Four Natural Remedies For Seasonal Affective Disorder

Daylight Savings Time ends on November 4th, 2018.  As we “fall back” and lose an hour of daylight, the risk of Seasonal Affective Disorder (SAD) rises.  Approximately ten million people in the U.S. suffer from the condition, with women being four times more likely than men to experience mood disturbances due to the low light and short days of winter.  While it’s important to remember that patients with severe SAD symptoms should consult a medical provider, there are also natural ways to alleviate symptoms of this common disorder. Here are four suggestions.  

1) Spend time outdoors earlier in the day.

Getting natural sunlight is one of the best remedies for Seasonal Affective Disorder.  Because it gets dark earlier in the late fall and winter months, it’s important to carve out time earlier in the day to spend time outdoors.  By going for a walk in the morning or spending your lunch break outside, you can significantly improve your mood.

2) Get plenty of exercise. 

Exercise is always a good idea, but it’s especially important to prioritize exercise after Daylight Savings Time ends because exercise is a natural mood-booster that combats the symptoms of Seasonal Affective Disorder.  It’s preferable to exercise outdoors so you can get natural sunlight in addition to the mood-boosting neurotransmitters that increase with exercise. But if you do have to exercise indoors, try to pick a cardio machine or yoga mat close to a window to get as much natural light as possible while you’re working out.

3) Follow a set sleep schedule.

One of the reasons people experience Seasonal Affective Disorder is because light affects melatonin, the hormone responsible for sleep rhythms.  In order to stay happy and healthy, it’s important to follow a set sleep schedule to make sure the brain (and the body) follow consistent patterns of rest, and get adequate amounts of sleep.  

Remember that artificial light (like the blue light from smartphones and TVs) decreases melatonin and disrupts sleep, so it’s wise to avoid looking at screens for at least an hour before bedtime.

4) Load up on Vitamin D.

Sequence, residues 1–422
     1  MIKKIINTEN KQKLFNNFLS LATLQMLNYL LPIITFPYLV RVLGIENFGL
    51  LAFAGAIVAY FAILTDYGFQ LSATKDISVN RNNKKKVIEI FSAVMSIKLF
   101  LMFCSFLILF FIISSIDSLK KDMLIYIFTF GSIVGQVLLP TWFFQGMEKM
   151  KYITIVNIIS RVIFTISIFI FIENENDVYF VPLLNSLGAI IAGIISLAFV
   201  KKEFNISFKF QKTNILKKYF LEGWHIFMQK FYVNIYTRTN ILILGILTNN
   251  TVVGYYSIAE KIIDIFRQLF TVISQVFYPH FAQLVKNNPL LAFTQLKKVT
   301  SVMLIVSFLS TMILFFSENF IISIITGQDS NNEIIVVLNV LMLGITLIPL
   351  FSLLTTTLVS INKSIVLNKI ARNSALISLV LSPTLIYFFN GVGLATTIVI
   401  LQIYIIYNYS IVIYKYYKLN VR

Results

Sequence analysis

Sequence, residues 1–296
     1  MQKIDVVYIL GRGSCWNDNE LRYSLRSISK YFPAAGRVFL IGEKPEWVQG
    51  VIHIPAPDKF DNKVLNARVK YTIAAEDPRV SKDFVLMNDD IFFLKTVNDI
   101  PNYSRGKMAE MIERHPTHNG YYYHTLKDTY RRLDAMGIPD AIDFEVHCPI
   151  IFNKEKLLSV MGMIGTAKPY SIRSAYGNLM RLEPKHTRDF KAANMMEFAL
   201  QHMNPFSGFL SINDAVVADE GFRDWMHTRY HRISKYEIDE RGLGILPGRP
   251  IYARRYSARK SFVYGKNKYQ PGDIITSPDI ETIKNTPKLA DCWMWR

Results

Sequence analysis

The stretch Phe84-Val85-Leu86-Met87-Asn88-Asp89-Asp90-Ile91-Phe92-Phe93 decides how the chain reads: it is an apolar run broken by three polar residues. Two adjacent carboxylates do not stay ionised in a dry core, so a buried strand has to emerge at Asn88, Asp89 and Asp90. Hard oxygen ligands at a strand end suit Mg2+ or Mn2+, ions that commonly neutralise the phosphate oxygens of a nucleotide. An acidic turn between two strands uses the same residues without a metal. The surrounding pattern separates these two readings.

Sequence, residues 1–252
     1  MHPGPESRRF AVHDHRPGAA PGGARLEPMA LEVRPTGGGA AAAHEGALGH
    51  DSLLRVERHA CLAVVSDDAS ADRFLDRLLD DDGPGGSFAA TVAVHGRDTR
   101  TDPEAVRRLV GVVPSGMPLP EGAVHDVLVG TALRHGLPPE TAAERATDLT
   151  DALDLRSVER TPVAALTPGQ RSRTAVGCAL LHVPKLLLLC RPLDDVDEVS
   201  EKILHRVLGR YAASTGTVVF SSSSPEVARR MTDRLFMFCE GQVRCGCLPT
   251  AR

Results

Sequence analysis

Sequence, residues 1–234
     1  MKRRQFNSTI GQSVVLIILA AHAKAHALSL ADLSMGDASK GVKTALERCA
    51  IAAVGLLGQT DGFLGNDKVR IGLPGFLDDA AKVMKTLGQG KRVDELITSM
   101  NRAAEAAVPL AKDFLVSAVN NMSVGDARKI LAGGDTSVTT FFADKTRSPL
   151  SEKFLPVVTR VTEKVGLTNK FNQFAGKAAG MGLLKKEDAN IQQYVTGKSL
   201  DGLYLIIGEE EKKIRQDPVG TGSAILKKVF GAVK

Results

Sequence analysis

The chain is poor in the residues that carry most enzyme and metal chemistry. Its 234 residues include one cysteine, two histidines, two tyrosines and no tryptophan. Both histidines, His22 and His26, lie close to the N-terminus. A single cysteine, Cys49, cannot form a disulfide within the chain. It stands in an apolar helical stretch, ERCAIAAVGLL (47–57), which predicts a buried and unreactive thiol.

Contrary to its common name, Vitamin D isn’t actually a vitamin; it’s a hormone synthesized when the skin is exposed to sunlight.  Because people spend less time outdoors in cold weather, and cover more skin surface with protective layers, it’s common for patients to experience Vitamin D deficiency in the late fall and winter months.  In addition to spending as much time outdoors as possible, be mindful of getting plenty of Vitamin D in your diet. Good sources include fatty fish (like tuna and salmon), fortified milk, mushrooms, egg yolks and fortified tofu.  Patients who don’t get enough Vitamin D in their diet can take a daily supplement.


At Golden Gate Urgent Care, we work seven days a week to help our patients be as happy and healthy as possible!  Make an appointment online or simply walk in to any of our six Bay Area locations to get the care you need.

Sarah Thebarge MMSc, PA-C Sarah Thebarge earned her physician assistant degree at Yale School of Medicine, and then studied journalism at Columbia School of Journalism. She has been a physician assistant and a freelance journalist since 2004. In addition to caring for patients at Golden Gate Urgent Care, Sarah frequently volunteers her medical skills in the developing world. Her writing has appeared in Huffington Post, USA Today and National Geographic, and her blog was featured on She is the author of the memoir The Invisible Girls and the upcoming book WELL: Healing our Beautiful, Broken World from a Hospital in West Africa. She currently lives in the Mission District of San Francisco.

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